05.07.2019 #TodayInDispute: as of 1 August 2019, all times of parental leave have to be fully taken into account for all employment entitlements which depend on the length of service. Such employment entitlements are for example the statutory vacation entitlement, the period of continued remuneration in the event of illness, the length of notice periods and salary increases. However, the new law does not apply retroactively. Thus, it only applies to future times of parental leaves. The proposal on which the law is based can be found here (in German language).
04.07.2019 #TodayInDispute: “On the Limits of Directly Enforceable Agreements” In a recent decision, the CJEU elaborated on the effects of directly enforceable B2C agreements in enforcement proceedings before member state courts. The case brought before the CJEU concerned a directly enforceable mortgage agreement concluded in the form of a notarial deed between a Slovenian bank and two Slovenian consumers. In essence the Court held that in order to guarantee the effectiveness of the consumer protection provisions enshrined in the Directive 93/13/EEC on unfair terms in consumer contracts, national courts must be entitled to examine within the enforcement proceedings whether the terms of the enforceable agreements are unfair within the meaning of Directive and to suspend the enforcement proceedings, if appropriate. Issues of unfair terms in consumer contracts shall not be reserved for possible subsequent contentious proceedings initiated by the consumers. National procedural rules that do not allow for the assessment of the enforceable agreement’s provisions in the enforcement stage and a consequential stay of the proceedings therefore are an impediment to the effectiveness of the Directive. Read the full decision here (in German).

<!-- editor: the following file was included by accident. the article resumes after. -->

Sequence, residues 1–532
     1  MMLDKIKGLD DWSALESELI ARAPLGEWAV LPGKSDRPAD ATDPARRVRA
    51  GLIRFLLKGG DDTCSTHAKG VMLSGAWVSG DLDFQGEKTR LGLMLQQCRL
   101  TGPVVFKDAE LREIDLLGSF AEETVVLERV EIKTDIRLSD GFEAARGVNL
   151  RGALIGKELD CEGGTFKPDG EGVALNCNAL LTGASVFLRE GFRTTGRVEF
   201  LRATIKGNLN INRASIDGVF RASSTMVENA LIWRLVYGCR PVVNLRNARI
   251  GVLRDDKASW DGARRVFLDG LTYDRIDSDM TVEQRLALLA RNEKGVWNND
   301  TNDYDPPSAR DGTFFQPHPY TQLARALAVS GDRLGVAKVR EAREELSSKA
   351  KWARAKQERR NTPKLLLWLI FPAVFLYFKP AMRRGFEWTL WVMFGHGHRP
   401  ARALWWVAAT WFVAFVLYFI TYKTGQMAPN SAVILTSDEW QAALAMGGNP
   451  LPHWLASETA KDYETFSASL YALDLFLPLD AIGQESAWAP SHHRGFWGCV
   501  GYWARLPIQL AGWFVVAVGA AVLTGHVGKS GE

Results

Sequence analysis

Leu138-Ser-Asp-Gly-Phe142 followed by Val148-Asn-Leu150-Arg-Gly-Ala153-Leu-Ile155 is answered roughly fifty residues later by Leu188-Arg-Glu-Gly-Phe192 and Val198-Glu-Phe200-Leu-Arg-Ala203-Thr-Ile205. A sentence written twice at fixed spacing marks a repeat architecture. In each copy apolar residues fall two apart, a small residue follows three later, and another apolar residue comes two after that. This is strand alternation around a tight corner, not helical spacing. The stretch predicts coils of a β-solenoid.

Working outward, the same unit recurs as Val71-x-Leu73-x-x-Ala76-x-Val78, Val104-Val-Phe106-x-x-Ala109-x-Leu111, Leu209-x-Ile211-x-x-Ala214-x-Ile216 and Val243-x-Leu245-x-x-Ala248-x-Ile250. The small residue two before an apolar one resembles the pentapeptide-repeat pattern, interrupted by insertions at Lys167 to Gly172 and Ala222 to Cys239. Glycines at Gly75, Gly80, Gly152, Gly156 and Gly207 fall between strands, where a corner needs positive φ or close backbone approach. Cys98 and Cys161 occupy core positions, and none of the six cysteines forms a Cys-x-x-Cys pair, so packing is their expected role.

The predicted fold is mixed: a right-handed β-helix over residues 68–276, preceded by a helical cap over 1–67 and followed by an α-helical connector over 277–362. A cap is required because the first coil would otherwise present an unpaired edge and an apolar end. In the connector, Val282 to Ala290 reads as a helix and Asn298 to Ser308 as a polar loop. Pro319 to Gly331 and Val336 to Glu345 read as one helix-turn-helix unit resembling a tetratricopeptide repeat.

03.07.2019 #TodayInDispute: paternity month (“Papamonat”) entitlement for fathers and second parents. As of 1 September 2019, fathers and second parents are entitled to a paternity month in connection with the birth of their children. Employees, who want to make use of the paternity month, have to notify the employer at least three months before the calculated date of the birth of the child. Exemptions for premature births apply. The entitlement to the paternity month is supported by a special protection against termination of the employment. The proposal on which the law is based can be found here (in German language).